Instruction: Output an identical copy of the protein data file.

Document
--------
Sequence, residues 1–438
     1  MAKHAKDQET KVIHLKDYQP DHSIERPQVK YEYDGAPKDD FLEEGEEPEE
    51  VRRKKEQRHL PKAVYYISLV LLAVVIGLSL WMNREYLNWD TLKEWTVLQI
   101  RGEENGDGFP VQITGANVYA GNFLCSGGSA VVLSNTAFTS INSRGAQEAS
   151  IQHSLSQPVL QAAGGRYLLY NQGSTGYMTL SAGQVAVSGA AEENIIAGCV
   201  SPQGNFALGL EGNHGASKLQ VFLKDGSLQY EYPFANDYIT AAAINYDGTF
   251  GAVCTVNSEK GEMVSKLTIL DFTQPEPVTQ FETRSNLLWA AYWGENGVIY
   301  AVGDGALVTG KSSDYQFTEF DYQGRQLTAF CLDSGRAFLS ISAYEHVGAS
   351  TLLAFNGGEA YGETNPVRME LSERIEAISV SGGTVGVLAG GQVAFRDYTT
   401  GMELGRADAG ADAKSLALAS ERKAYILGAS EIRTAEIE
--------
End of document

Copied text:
Sequence, residues 1–438
     1  MAKHAKDQET KVIHLKDYQP DHSIERPQVK YEYDGAPKDD FLEEGEEPEE
    51  VRRKKEQRHL PKAVYYISLV LLAVVIGLSL WMNREYLNWD TLKEWTVLQI
   101  RGEENGDGFP VQITGANVYA GNFLCSGGSA VVLSNTAFTS INSRGAQEAS
   151  IQHSLSQPVL QAAGGRYLLY NQGSTGYMTL SAGQVAVSGA AEENIIAGCV
   201  SPQGNFALGL EGNHGASKLQ VFLKDGSLQY EYPFANDYIT AAAINYDGTF
   251  GAVCTVNSEK GEMVSKLTIL DFTQPEPVTQ FETRSNLLWA AYWGENGVIY
   301  AVGDGALVTG KSSDYQFTEF DYQGRQLTAF CLDSGRAFLS ISAYEHVGAS
   351  TLLAFNGGEA YGETNPVRME LSERIEAISV SGGTVGVLAG GQVAFRDYTT
   401  GMELGRADAG ADAKSLALAS ERKAYILGAS EIRTAEIE